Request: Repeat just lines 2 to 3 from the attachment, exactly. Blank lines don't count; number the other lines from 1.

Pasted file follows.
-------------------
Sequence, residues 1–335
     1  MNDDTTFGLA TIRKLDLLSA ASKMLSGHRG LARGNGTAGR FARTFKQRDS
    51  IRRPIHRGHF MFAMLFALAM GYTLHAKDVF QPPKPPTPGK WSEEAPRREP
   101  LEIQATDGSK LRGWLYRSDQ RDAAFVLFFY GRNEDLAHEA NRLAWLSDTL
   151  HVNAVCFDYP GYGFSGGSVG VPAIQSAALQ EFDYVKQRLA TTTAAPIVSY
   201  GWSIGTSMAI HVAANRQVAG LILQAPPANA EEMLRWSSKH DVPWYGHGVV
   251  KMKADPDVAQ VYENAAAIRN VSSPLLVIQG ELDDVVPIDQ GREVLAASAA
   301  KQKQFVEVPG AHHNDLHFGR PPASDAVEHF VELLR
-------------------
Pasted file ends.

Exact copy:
     1  MNDDTTFGLA TIRKLDLLSA ASKMLSGHRG LARGNGTAGR FARTFKQRDS
    51  IRRPIHRGHF MFAMLFALAM GYTLHAKDVF QPPKPPTPGK WSEEAPRREP